We require each vendor and factory to adhere to our Code of Conduct, which is designed to ensure that the operations of each of our business associates are conducted in a legal, ethical and responsible manner. Our Code of Conduct requires that each of our business associates operates in compliance with the applicable wage, benefit and working hours and other laws of the respective countries in which we do business and forbids the use of practices such as child labor or forced labor. We oversee and manage our compliance program internally. We contract with a third-party compliance audit firm to make periodic visits to the factories that produce our merchandise to monitor compliance, including prequalification for new suppliers. All of our agents have their own compliance programs which supplement our program.

In an effort to minimize foreign currency risk, all payments to our direct sourced vendors and buying agents are made in U.S. dollars through the use of letters of credit or payment on account. In fiscal 2010, approximately 30% of our merchandise product flow was directly sourced by our Global Sourcing group. The growth and effectiveness of our global direct sourcing program is a key component to our continued merchandise margin improvement.

DISTRIBUTION

All of our distribution operations, with the exception of our international web stores, are centralized in our headquarters and distribution center located in Canton, Massachusetts. See discussion above under “Our Other Direct Businesses” regarding our international web stores.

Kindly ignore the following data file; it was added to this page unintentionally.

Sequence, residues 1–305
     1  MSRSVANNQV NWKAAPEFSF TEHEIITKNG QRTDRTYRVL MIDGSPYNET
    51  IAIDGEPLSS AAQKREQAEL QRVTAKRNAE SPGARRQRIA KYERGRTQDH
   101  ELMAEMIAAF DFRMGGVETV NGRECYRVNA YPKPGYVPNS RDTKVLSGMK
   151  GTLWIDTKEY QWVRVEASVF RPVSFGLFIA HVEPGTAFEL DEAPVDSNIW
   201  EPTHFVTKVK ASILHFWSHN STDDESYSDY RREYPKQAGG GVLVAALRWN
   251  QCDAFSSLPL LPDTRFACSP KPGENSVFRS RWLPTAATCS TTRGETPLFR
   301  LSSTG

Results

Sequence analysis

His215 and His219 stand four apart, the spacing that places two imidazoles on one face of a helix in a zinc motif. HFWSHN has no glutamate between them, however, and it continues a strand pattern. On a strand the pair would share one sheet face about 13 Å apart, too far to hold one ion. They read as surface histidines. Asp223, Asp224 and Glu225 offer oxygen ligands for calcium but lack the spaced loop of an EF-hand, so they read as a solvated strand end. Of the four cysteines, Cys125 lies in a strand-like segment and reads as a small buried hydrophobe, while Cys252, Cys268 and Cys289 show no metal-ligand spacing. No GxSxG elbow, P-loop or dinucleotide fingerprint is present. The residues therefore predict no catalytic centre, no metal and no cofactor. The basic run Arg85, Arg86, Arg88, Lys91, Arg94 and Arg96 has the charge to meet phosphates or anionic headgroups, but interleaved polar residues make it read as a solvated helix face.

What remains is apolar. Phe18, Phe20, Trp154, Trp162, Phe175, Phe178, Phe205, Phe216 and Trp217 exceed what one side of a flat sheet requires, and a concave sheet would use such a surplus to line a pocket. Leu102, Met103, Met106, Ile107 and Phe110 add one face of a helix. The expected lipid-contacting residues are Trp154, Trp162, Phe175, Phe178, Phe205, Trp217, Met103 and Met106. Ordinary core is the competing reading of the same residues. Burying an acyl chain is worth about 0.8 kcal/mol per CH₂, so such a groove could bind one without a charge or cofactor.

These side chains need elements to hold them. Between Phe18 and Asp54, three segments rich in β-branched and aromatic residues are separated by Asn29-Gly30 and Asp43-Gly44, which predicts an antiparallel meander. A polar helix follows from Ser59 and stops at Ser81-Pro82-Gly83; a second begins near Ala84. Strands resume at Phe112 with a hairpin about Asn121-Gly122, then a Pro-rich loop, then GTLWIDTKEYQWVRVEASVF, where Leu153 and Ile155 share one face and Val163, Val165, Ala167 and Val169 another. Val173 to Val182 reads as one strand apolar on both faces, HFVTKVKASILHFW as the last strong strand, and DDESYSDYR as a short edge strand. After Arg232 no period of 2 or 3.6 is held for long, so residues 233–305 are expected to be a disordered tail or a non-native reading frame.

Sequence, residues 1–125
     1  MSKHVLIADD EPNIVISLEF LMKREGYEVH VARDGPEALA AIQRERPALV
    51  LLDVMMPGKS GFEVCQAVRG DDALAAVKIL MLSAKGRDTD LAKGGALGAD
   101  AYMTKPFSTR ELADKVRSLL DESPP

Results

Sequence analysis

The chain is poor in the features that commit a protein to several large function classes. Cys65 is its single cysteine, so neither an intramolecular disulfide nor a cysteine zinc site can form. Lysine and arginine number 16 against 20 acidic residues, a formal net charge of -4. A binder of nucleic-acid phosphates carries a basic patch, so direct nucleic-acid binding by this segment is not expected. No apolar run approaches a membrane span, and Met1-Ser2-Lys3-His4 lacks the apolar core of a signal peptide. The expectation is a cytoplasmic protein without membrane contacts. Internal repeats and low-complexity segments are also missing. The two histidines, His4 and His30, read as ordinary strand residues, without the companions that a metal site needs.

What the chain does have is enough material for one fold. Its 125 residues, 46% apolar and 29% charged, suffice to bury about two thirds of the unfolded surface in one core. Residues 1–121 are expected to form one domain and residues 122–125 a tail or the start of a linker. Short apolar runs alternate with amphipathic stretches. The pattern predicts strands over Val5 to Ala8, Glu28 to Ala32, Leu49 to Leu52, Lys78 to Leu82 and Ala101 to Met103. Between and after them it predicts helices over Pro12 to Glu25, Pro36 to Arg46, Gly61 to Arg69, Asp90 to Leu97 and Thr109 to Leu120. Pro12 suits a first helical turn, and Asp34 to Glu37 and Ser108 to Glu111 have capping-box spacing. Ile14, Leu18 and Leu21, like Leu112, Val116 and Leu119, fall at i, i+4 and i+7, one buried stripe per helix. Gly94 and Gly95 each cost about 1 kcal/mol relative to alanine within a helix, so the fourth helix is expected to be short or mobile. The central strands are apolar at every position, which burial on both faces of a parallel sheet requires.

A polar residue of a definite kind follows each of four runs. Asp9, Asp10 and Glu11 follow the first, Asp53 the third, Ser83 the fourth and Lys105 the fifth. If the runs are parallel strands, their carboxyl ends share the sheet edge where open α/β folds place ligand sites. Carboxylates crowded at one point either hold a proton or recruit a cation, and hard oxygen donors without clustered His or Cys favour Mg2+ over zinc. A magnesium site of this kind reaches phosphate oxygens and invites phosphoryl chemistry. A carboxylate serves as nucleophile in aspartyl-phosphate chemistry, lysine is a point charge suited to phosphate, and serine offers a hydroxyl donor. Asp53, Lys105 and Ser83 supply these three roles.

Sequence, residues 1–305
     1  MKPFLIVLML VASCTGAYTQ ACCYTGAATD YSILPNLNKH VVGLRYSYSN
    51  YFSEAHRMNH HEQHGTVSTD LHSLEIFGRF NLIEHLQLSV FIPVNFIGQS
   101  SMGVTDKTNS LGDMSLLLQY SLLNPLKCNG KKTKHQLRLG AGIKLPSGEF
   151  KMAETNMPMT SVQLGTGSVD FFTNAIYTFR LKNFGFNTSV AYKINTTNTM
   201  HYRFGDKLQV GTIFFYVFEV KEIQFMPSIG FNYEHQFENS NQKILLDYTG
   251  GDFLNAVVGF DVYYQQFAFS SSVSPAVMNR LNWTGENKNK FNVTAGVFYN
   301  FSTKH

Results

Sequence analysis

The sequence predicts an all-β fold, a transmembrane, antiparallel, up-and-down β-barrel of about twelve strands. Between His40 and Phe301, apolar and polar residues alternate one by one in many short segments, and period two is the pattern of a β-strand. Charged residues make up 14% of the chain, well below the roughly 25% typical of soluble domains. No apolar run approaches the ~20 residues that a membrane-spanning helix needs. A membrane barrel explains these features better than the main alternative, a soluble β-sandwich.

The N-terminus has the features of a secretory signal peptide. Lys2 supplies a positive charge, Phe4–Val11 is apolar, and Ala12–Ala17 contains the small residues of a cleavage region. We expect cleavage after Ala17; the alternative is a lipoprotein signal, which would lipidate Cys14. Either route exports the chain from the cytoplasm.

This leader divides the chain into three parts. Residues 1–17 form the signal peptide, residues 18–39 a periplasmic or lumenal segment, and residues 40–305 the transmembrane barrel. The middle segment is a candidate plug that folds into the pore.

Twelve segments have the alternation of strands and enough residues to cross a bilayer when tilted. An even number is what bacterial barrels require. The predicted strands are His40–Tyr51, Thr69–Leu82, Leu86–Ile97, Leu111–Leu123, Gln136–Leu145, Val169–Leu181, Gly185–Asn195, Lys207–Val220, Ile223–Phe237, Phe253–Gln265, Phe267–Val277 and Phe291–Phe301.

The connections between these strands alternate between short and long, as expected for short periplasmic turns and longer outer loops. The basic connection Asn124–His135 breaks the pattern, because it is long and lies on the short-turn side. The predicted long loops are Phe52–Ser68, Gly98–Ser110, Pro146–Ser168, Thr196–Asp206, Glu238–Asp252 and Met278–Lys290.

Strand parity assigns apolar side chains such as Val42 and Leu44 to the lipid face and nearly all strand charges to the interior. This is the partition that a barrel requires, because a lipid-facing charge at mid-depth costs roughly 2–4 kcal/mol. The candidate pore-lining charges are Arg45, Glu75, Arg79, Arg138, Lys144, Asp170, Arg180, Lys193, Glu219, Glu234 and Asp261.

We believe that having one centralized distribution facility minimizes the delivered cost of merchandise and maximizes the in-stock position of our stores. We believe that the centralized distribution system enables our stores to maximize selling space by reducing necessary levels of back-room stock carried in each store. In addition, the distribution center provides order fulfillment services for our e-commerce and catalog businesses.

Since 2003, we have utilized United Parcel Services (“UPS”) for all our store shipments as well as all domestic customer deliveries. This association with UPS has improved our distribution capabilities while also reducing our shipping costs by utilizing zone skipping. By utilizing UPS, we are able to track all deliveries from the warehouse to our individual stores, including the status of in-transit shipments. In addition, we are able to provide our Direct-to-Consumer customers with Authorized Return Service and Web labels, making returns more convenient for them. Our current contract with UPS is through January 2013.